As businesses become more social, there have been a lot of articles about marketing. Some have spoken about the need for marketing and IT to get together, if not even merge in some way (See the Forbes article last month). Others have proclaimed the end of the CMO’s position altogether, including the infamous piece by IMD’s President Dominique Turpin last year “The CMO is Dead ..… Welcome to the CCO”.
Then there have been even more articles challenging marketing to show their worth and suggesting metrics to prove their ROI (See Fournaise 2011 study of 600 CEOs or Forrester’s Marketing Performance Management Survey). The fact that there have been so many different pieces on the topic over the last year or so, suggests to me that marketing is still vital for and extremely attractive to business, but that it is in desperate need of reinventing itself.
For this reason I thought I would start (or is it join?) the conversation about the future of marketing, by proposing what I think will and won’t change and what needs to, at least in my own opinion. I would love you to join the discussion by adding your own thoughts, ideas and comments in the box at the end of this post or on social media where I will be sharing it.
What will change
- Marketing can no longer work alone in a silo; it needs to become more collaborative and more commercial or business oriented. It can no longer remain fuzzy and hide behind claims that its ROI is difficult to measure.
- The sales funnel will be (has already been) replaced by the purchase decision journey, which will be a multi-layered, flexible representation of the route to purchase. For more on this, read “How Great Customer Service Leads to Great Customer Loyalty”.
- Advertising and messaging TO the customer will be replaced by valuable information made available FOR the customer. In line with the longer sales journey and multiple online consultations, advertising will become more informative, more useful, more timely.
- Local will no longer be geographic but “Native”. Whether it’s language, habits or interests, customers will be targeted on their similarities that will rarely, if ever, include geographical proximity.
- Mobile web consulting will become the norm, so brand sites need to become adaptive. Content will aim to inform, educate and entertain first and foremost, rather than sell, and websites will become flexible and adaptive to the differing screens and customer needs.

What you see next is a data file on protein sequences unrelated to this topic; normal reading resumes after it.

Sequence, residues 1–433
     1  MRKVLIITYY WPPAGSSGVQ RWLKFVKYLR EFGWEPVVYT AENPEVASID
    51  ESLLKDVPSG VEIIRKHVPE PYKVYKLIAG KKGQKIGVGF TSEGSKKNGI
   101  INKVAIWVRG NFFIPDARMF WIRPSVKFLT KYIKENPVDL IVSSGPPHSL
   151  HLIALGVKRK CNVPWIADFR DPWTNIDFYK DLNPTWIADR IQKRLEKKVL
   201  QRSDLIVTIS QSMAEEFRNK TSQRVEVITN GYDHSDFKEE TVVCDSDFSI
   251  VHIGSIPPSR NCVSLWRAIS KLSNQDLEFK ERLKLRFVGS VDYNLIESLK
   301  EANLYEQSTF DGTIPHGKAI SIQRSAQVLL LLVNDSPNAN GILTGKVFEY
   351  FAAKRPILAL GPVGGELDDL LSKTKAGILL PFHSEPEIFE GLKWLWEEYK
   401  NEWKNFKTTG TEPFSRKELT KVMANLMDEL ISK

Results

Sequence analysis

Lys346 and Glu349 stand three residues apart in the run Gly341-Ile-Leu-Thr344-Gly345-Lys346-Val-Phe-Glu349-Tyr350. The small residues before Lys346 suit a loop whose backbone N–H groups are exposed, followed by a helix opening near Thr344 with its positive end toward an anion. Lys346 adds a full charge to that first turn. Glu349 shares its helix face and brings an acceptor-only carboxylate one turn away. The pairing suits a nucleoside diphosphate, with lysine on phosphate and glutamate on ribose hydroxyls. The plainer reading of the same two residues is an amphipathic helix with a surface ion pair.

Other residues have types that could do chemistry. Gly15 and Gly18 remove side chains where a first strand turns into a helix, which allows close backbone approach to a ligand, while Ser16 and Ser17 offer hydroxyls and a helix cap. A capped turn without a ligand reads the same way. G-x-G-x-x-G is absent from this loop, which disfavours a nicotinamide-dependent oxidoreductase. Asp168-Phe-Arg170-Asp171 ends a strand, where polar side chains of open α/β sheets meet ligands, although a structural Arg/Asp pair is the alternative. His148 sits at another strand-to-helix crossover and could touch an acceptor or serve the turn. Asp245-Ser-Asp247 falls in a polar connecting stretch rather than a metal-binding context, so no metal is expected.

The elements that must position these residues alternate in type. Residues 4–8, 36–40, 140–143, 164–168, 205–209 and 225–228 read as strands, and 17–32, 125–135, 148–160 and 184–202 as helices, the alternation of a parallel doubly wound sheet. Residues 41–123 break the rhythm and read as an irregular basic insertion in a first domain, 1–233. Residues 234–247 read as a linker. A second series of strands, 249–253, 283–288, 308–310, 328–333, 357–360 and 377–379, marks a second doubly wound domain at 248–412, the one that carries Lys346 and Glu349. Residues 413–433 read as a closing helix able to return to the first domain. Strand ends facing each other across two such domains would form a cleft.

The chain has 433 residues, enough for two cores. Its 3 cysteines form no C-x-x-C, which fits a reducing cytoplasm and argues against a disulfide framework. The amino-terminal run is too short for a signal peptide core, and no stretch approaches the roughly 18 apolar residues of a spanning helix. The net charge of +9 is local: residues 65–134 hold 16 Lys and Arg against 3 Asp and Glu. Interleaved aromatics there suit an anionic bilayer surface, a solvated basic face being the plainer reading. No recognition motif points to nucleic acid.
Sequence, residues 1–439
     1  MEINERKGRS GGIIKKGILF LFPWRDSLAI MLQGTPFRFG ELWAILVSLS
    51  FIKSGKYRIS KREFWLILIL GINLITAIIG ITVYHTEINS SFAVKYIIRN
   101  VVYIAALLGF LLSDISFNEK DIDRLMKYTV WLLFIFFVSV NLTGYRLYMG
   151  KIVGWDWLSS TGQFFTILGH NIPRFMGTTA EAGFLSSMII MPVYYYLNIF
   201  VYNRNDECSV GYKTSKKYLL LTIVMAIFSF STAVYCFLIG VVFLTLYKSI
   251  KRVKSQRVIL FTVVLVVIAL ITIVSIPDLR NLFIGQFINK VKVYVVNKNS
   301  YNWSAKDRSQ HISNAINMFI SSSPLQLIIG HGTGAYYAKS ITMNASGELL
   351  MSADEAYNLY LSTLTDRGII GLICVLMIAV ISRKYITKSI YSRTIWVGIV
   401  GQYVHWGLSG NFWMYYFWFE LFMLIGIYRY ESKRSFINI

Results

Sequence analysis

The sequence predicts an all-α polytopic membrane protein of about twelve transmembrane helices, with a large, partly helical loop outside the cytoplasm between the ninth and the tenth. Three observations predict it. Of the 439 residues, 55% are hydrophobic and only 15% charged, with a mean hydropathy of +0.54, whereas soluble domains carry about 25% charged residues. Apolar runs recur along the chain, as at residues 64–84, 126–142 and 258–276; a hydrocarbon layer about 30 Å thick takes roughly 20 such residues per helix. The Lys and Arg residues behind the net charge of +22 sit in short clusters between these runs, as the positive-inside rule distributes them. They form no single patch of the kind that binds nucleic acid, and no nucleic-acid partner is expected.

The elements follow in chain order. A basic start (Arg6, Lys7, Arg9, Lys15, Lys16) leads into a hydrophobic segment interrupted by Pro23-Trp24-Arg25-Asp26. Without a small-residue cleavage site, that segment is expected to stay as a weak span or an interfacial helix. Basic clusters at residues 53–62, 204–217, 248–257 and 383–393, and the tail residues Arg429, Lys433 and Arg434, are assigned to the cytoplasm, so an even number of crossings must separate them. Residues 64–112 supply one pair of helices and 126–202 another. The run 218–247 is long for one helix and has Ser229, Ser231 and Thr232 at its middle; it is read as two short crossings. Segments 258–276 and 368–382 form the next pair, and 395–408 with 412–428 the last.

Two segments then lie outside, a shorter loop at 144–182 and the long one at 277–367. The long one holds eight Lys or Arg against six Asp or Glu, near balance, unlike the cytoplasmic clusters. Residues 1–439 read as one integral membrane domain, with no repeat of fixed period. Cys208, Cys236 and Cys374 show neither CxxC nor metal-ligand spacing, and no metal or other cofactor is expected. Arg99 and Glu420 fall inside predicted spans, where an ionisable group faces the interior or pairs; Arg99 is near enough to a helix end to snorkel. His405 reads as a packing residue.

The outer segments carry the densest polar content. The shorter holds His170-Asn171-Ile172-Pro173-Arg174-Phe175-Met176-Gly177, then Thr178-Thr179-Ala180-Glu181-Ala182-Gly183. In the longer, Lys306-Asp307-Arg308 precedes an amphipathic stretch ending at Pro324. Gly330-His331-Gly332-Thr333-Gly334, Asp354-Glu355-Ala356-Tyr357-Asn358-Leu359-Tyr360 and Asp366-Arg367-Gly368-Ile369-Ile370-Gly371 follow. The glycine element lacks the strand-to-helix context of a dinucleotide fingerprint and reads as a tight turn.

What won’t change
- The customer is still the king, but content joins the ranks in almost equal position, needing more respect and value, and less commoditisation. For a great post on this read “5 Ways Content Marketing Must Change in 2014”.
- Recommendations will remain a vital part of choice and decision-making, but they will no longer come from just friends and family. They will come from organised collection – think TripAdvisor or Angie’s List – or from (self) proclaimed experts through their Blog posts and faithful followers.
- Customer (consumer) understanding remains vital and in fact the need for understanding will even increase as customers will be in constant evolution.
What must change
- We are all swamped with messages and information and yet – perhaps because of this – our attention span is declining. Messaging must become shorter and simpler as people use headlines to decide whether or not to stick around.
- In addition to the increased need for informative content, it will need to engage as well as (or is it more than?) inform. Storytelling will become an essential skill for marketers, both internally and externally.
- Wearable technology will totally change our where and when decisions of messaging. The customer will not only be in charge of what messages are received but when to be “visible” to receive them.
- Having changed the sales funnel to a path to purchase, the usual loyalty funnel no longer works. The simple path from awareness to loyalty will be replaced by a constant and consistent battle for trust. What’s more it will never be truly “won” as customers continue to be fascinated by novelty.
- Marketing can no longer depend on creativity alone. It won’t be enough, as if it ever was, and marketers will need to get (even more?) comfortable with their BigData and its usage. Customer understanding will come from multiple sources and market researchers will become understanding analysts responsible for turning the unstoppable flow of information into the organisation, into palatable morsels of digestible stories.
One final word about the future of marketing. Already in September, Forbes published an article entitled “The Top 7 Online Marketing Trends that will Dominate 2014”. If you haven’t already done so, I suggest you give it a quick read, as it makes a nice, complementary piece to this more general perspective.
As you can see from the above, a lot more will change than will remain constant, and even those will need adaptation to the new world of marketing. Do you agree? I’d love to hear your thoughts, especially if you are, or aspire to the CMO role.
If you need help in adapting to the new world of marketing, we can help, so why not contact us here and let’s discuss your needs?
Why Marketing will Never be Replaced but What Every CMO Must Change by Denyse Drummond-Dunn